Blind Defense

by Benjie Oliveros

Ever since telling facts surfaced, which reveal the role of the US in the Mamasapano fiasco, the Aquino government has been doing everything to keep it under wraps. When former Police Special Action Forces commander Getulio Napeñas began answering the queries of Senators regarding details of US involvement, Justice Sec. Leila de Lima interrupted him with a reminder that he was divulging matters involving foreign relations and national security.

Recently, during the continuation of the Lower House probe on the Mamasapano operations, when the Makabayan bloc began asking about the role of the US, officials from the Philippine National Police, Armed Forces of the Philippines, the Aquino government and the House of Representatives hurriedly agreed that these matters be taken up in an executive session

Another tack being followed by the Aquino government in covering up the role of the US is issuing general declarations that the whole operation was planned, controlled and implemented by Philippine state security forces, the US merely provided intelligence support and that no US soldier was involved in combat operations.

The Department of Foreign Affairs was quick in doing so. This was also the conclusion by the Board of Inquiry (BOI) of the Philippine National Police. They also justified the “support” provided by the US by citing the Mutual Defense Treaty and the existence of the Security Engagement Board.

However, as the investigations continue more and more telling details on the role of the US are being revealed. At first, what was declared was that the US provided intelligence support before and during the operations and assisted in the medical evacuation of injured SAF troops. Then it was revealed that there was US funding and provision of equipment specifically for Oplan Exodus. Later, it was admitted that the US trained the main forces the Seaborne and the 55th SAC, the finger supposedly belonging to Marwan was turned over to the US Federal Bureau of Investigation, and six American personnel were present in the tactical command post.

Worse, one of the six even ordered Major Gen. Edmundo Pangilinan to provide artillery cover for the beleaguered SAF troops but the general refused to be ordered around. The impact of the $5 million award money offered by the US for Marwan could also not be underestimated.

During the recent House probe hearings, Napeñas admitted that the main map, which was used as basis for the planning and implementation of the operation, was provided by the US. He also revealed that the US provided training and similar “assistance” on at least two previous operations against Marwan.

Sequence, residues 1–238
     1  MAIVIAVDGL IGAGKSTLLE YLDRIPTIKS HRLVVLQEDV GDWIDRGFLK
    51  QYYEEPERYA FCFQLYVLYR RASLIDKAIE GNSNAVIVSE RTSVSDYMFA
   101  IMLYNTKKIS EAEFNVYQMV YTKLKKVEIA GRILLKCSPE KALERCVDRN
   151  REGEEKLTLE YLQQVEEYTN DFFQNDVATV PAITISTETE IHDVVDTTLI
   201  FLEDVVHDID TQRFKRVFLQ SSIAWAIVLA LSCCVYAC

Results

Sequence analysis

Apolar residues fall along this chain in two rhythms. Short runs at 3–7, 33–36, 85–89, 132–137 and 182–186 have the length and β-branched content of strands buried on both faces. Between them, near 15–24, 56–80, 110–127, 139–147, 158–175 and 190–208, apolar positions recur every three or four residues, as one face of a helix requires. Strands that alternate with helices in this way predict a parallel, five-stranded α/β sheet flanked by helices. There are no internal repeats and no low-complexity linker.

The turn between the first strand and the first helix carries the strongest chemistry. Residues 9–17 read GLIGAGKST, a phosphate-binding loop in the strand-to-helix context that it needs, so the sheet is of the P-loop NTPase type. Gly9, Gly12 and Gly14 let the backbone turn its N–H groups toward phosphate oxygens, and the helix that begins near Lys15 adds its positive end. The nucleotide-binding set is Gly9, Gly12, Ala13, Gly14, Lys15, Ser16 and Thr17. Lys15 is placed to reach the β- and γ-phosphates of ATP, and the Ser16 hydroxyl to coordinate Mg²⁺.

There is more to it than what has been revealed in public so far thus, the declaration of an executive session.

So now even US Ambassador Philip Goldberg had to chime in that Oplan Exodus was “totally planned and executed by Philippine authorities.”

More alarming is the recent statement of Justice Sec. De Lima. In an apparent attempt to dismiss the telling details of the US role and questions whether US troops participated in actual combat operations, she was quoted by media saying: “The bottom line is the ability of the Philippine government to determine for itself the extent of US involvement and the full exercise of its control in making decisions on the what, who, when and how of a particular operation.” Thus, the US or other foreign troops can be directly involved in combat operations for as long as the Philippine government allows it.

Either Sec. De Lima is trying to outdo other Aquino government officials in justifying the US role in the Mamasapano fiasco or is doing damage control in the event that more details about the hand of the US is revealed. In any case, her statement, even if she preceded it with a declaration that it was an “academic discussion,” has far reaching implications on Philippine sovereignty and freedom.

For example, because the junta of generals of the former South Vietnamese government (pre-liberation) approved the escalated involvement of half a million US troops, it was perfectly fine? What about the US invasion of Iraq and Afghanistan? Who decided on the extent of US involvement? Surely it was not the former Saddam Hussein and the Taliban governments.

What about the Israel occupation of the Gaza strip? Who has control over the actions of Israeli troops? Definitely it is not the Palestinians.

What does she mean by “full exercise of its control in making decisions”? In the case of Vietnam, Iraq, Afghanistan, and Gaza Strip, who had full exercise of control in making decisions?

What about the threats and acts of the US against Cuba, Venezuela, North Korea, and even Iran? Who decided on these?

Sec. De Lima should understand that as Justice secretary, her “opinion” whether preceded by a declaration that it is an “academic discussion” or not represents the official position of the Aquino government and could be used later on as legal basis for its acts.

Worse, it gives the US the go signal to escalate further its intervention in the internal affairs of the country for as long as it is ‘approved’ by the Philippine government. Because of this, what Sec. De Lima opined is downright subservient yet dangerous.

As Justice secretary, as a lawyer, and as a Filipino citizen, Sec. De Lima should be more circumspect about her statements, instead of blindly defending and even emulating her boss President Benigno Simeon Aquino III. (

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